Safe Exercises for Your Pregnancy

Featured Article,Reproductive Health,Women's Health,Workout Plans
June 10, 2012

Are you pregnant? Here’s how to exercise without risking your—or your baby’s—health.

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When you’re pregnant, you’ve got a whole host of things to worry about—your diet, your stress level, the nursery theme. And, yes—how to exercise safely is right up there on the list. “When most women get pregnant, they think that it’s time to switch to yoga, but doctors say that nearly all types of exercise are safe during pregnancy,” says Kathleen Donahoe, senior instructor at Oh Baby! Fitness in Atlanta. Always check with your doctor before you begin exercising, and know that there are several great options for keeping you healthy during pregnancy while also helping you prepare for delivery. Here are our experts’ top picks.

1. Prenatal Yoga.

Good for you: This gentler form of yoga teaches breathing techniques that can be helpful during childbirth, Donahoe says.

Good for baby: “One of the best yoga exercises for pregnancy is cat and cow pose. It helps get the baby in the optimal birth position while also helping relieve any back pain the mom may be feeling,” Donahoe says.

Watch out for: Balance work, since pregnancy causes a change in your center of gravity. If you do balance poses, use the wall for support.

2. Weight-bearing Cardio.

Good for you: “Data shows that women benefit most from weight bearing exercise, like walking, hiking or running” says Catherine Cram, author of Prenatal Fitness for Dummies.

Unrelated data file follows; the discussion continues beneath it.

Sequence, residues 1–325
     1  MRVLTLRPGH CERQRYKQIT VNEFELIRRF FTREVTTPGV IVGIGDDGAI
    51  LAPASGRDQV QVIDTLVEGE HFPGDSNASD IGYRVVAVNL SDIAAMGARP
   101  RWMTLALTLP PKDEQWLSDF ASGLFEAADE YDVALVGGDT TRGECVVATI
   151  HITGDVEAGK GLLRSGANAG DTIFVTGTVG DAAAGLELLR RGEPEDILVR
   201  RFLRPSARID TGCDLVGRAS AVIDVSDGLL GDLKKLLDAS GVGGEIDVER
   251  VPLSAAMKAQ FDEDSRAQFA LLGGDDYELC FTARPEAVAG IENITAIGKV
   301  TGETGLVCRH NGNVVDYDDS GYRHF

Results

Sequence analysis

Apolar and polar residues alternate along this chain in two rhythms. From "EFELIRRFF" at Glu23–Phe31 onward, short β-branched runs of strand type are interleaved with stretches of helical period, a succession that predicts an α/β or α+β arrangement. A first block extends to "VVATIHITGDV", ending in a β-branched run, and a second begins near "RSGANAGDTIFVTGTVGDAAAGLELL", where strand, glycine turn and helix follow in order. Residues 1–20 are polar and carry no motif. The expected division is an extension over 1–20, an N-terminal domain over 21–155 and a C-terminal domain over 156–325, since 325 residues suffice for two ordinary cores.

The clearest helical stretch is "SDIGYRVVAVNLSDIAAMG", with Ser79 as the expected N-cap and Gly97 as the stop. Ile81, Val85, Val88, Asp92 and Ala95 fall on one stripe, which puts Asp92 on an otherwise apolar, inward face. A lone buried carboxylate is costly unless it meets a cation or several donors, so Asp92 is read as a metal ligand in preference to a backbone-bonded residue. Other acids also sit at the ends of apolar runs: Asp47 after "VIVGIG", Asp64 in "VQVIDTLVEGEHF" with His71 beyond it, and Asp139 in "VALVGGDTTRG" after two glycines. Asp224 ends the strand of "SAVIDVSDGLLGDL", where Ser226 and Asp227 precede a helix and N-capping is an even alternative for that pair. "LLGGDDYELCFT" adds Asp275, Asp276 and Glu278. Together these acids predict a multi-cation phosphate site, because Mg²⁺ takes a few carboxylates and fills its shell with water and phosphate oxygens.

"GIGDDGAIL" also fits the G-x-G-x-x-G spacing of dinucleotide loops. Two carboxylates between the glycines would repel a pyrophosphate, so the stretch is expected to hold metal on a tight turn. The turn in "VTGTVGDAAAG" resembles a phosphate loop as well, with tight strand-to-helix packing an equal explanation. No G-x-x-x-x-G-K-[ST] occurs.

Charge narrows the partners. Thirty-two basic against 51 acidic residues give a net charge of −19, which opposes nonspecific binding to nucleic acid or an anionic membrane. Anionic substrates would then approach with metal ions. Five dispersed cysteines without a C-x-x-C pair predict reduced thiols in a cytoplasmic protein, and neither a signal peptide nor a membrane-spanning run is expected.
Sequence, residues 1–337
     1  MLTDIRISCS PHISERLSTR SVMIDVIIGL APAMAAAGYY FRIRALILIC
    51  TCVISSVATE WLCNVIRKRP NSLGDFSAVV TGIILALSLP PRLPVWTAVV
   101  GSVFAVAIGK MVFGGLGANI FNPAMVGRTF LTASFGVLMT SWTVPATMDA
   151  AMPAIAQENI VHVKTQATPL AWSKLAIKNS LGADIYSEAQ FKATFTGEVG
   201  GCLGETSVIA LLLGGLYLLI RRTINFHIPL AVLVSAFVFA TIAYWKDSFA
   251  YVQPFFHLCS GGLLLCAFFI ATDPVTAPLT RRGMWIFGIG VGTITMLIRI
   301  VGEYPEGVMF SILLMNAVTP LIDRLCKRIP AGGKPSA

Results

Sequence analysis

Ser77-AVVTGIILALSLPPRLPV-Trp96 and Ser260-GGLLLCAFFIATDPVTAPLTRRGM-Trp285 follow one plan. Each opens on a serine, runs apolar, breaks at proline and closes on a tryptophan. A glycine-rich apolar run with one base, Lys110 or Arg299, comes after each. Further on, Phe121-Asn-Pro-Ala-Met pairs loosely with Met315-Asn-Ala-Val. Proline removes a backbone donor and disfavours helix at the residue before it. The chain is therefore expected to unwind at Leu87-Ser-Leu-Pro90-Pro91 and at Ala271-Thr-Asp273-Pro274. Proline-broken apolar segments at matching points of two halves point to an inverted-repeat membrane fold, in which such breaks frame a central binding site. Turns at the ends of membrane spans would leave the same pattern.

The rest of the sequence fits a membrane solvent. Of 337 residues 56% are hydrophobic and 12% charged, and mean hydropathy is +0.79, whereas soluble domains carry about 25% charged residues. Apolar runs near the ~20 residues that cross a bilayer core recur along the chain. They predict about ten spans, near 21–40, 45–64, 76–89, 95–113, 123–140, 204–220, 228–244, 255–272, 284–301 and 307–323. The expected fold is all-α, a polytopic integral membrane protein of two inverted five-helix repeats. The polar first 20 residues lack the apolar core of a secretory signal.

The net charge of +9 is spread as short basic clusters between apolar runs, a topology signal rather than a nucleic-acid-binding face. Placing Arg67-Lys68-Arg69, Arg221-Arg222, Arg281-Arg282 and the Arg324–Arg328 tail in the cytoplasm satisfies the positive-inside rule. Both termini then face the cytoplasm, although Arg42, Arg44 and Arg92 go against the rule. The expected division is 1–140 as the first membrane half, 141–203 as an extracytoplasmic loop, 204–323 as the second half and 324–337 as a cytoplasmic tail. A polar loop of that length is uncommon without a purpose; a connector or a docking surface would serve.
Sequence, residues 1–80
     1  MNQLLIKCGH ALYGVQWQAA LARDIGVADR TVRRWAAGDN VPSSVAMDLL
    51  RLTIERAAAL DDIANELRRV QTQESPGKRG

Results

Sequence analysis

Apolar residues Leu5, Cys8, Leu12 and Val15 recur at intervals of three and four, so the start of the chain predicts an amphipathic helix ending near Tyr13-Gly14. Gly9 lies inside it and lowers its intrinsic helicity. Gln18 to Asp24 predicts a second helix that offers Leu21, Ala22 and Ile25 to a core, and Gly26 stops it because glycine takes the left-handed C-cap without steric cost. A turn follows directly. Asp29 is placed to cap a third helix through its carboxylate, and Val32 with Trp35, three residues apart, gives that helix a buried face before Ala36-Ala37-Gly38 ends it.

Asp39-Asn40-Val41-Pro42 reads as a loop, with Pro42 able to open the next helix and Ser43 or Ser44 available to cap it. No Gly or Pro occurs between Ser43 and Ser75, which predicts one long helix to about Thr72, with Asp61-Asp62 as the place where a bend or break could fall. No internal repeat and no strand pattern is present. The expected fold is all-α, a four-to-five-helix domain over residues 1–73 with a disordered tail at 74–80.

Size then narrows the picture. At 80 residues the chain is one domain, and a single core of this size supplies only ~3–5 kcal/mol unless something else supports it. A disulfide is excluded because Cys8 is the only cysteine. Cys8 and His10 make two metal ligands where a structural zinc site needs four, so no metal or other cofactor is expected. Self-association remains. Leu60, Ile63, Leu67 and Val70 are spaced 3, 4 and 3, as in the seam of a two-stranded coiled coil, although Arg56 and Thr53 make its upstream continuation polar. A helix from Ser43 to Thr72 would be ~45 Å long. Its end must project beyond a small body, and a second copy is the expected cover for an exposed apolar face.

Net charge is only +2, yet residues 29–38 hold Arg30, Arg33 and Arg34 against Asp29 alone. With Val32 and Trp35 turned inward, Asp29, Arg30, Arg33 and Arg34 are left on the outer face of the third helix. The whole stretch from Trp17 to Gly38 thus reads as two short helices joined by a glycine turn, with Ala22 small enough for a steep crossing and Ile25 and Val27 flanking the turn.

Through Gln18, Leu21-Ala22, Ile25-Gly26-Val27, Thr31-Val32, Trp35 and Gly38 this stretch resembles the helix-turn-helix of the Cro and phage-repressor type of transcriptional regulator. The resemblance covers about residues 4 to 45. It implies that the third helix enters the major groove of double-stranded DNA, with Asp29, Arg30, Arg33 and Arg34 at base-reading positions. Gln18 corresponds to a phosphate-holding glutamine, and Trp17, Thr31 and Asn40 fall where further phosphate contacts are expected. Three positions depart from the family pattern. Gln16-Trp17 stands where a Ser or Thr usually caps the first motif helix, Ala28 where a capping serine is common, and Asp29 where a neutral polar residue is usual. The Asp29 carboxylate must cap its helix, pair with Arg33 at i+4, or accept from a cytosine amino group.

Good for baby: One study found that the placenta of exercising mothers who did weight-bearing exercise three to five days a week had one-third greater profusion of blood flow to the placenta, says Cram.

Watch out for: Overdoing it. Use the talk test. As long as you are still able to talk while you are exercising, you are at a safe level, says Cram.

3. Strength Training.

Good for you: “Wall sits help strengthen the muscles you will use in delivery, while also building strong quad muscles. And walking lunges incorporate pelvic floor work,” Donahoe says.

Good for baby: Building upper-body and back strength will prepare you for the lifting and bending over required once baby arrives. Donahoe recommends upright rows and lat pull downs for the back, and Cram calls for a few minutes of upper-body moves with resistance bands each day.

Watch out for: Too much weight. Use a weight level that allows for 10-12 repetitions without excessive strain, Cram says.

4. Water Aerobics.

Good for you: “Water aerobics is the best thing for swelling,” Donahoe says. “One study found that taking one water aerobics class per week while pregnant cut down 50 percent on back pain and 100 percent on days lost at work due to back pain.”

Good for baby: The breast stroke may help move the baby into the correct vaginal birth position, Donahoe adds.

Watch out for: Very hot water, like that in a Jacuzzi or hot tub, which can lead to birth defects, according to the American Pregnancy Association.

5. Prenatal Pilates.

Good for you: Pilates is very helpful during pregnancy, especially for back and sciatic nerve pain, Donahoe says. The side series is especially beneficial, since it works the abs.

Good for baby: Pilates, like water aerobics, can also help with baby positioning, helping it get into the right position before birth.

Watch out for: Moves on your back. Avoid doing any exercises while flat on your back after the first trimester to avoid dizziness, says Cram.

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